56P - Agreement between predicted response by imaging methods and pathological response by RCB in breast cancer patients treated with neoadjuvant chemothe...

Date 08 May 2014
Event IMPAKT 2014
Session Welcome reception and Poster Walk
Topics Breast Cancer
Imaging, Diagnosis and Staging
Pathology/Molecular Biology
Presenter Cornelia Schermann
Citation Annals of Oncology (2014) 25 (suppl_1): i19-i20. 10.1093/annonc/mdu068
Authors C. Schermann1, B. Zurl2, P. Regitnig3, F. Moinfar1, F. Symmans4, V. Bjelic-Radisic5, P. Schrenk6, F. Peintinger1
  • 1Pathology, Medical University Graz, Graz/AT
  • 2Therapeutic Radiology And Oncology, Medical University Graz, Graz/AT
  • 3Institute Of Pathology, Medical University of Graz, 8010 - Graz/AT
  • 4Cancer Center, University of Texas MD Anderson, TX 77030 - Houston/US
  • 5Gynecology, Medical University Graz, Graz/AT
  • 6Breast Competence Center, Hospital Linz, Linz/AT



Residual Cancer Burden (RCB) is a new measurement that quantifies the extent of residual disease after neoadjuvant chemotherapy for breast cancer combining both primary tumor bed features and axillary lymph node features. We evaluate the tumor response measured by routine imaging and examine the agreement between predicted tumor response and RCB.


In a prospective pilot study evaluating RCB in HER2 negative breast cancer, mammography, sonography and MRI were used at diagnosis and after completion neoadjuvant chemotherapy to assess tumor response for optimal surgical planning. RCB was classified as RCB-0 (pathologic complete response, pCR) or as Residual Disease (RCB-I, RCB-II, RCB-III). Tumor response by imaging was classified according to the RECIST criteria (Response Evaluation Criteria In Solid Tumors). We examined the agreement between predicted tumor response (in the breast and in the axilla) by imaging and actual pathological response by RCB.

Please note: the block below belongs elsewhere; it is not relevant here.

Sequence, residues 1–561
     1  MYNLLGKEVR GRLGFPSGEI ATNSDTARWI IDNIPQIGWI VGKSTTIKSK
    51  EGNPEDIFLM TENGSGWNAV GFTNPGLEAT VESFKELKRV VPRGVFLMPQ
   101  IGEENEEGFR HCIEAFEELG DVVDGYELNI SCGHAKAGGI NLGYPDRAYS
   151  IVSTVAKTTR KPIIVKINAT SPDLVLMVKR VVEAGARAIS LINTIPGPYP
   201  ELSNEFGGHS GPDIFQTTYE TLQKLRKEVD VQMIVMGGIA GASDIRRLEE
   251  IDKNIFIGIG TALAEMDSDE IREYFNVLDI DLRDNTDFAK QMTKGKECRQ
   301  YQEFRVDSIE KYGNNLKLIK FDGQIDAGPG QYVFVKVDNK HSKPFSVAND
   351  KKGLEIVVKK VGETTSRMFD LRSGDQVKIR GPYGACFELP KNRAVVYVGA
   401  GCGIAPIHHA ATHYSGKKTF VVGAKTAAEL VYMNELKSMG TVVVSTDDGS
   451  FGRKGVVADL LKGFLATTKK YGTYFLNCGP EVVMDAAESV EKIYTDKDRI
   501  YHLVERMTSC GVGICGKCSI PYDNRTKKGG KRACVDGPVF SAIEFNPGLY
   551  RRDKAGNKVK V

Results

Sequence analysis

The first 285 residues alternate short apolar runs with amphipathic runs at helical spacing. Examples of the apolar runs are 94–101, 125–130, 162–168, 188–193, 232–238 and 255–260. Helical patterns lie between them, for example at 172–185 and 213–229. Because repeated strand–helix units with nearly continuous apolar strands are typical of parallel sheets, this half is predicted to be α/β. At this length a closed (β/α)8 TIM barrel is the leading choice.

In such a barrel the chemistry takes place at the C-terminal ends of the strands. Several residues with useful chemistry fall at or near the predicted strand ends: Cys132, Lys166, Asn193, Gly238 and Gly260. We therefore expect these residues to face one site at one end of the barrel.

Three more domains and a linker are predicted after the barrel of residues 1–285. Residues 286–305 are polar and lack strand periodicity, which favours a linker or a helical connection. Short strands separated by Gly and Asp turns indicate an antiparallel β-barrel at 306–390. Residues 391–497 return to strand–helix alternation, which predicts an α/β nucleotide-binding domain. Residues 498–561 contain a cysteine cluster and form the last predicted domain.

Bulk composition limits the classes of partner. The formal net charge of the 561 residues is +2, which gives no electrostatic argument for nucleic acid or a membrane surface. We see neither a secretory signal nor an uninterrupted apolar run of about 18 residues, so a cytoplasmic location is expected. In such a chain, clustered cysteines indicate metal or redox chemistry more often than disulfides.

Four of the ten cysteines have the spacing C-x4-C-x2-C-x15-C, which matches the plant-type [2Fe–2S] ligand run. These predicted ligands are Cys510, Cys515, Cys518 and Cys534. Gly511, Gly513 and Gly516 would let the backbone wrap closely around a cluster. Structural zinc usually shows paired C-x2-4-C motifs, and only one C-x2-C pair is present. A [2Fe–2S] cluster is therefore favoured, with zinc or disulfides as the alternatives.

A total of 24 patients were included. Two patients were staged as T1N0, 1 patient as T1N1, 8 as T2N0, 11 as T2N1 and 2 patients as T3N1 at diagnosis. Eight patients were treated by mastectomy and 16 had a breast conserving treatment. RCB-0 (pCR) was observed in 8 patients (33%), RCB-I in 3 patients (13%), RCB-II in 12 patients (50%) and RCB-III in one patient (4%). Tumor response according to RECIST was CR (complete response) in 8 patients (33%), PR (partial response) in 8 patients (33%) and SD (stable disease) in 8 patients (33%). The overall agreement between imaging and RCB was K = 0.45. Preliminary data show a higher agreement between MRI and RCB in comparison to mammography (K = 0.37 vs. K = 0.28). When proportions were analyzed, only the agreement between PR and RCB-II was lower than 60%.


The agreement between the pathological response evaluation using RCB categories and the radiological evaluation using RECIST criteria was moderate indicating the need for improvement in preoperative imaging. RCB may be used as a tool for testing predictive accuracy of future imaging technologies.


All authors have declared no conflicts of interest.